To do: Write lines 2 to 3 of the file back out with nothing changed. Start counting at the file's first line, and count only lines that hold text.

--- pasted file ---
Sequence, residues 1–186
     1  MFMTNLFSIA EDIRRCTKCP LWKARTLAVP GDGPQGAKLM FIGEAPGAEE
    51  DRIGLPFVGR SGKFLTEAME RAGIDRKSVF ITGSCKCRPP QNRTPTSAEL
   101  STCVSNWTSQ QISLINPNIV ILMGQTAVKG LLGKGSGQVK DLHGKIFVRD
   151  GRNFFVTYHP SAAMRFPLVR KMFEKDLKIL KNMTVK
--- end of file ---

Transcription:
     1  MFMTNLFSIA EDIRRCTKCP LWKARTLAVP GDGPQGAKLM FIGEAPGAEE
    51  DRIGLPFVGR SGKFLTEAME RAGIDRKSVF ITGSCKCRPP QNRTPTSAEL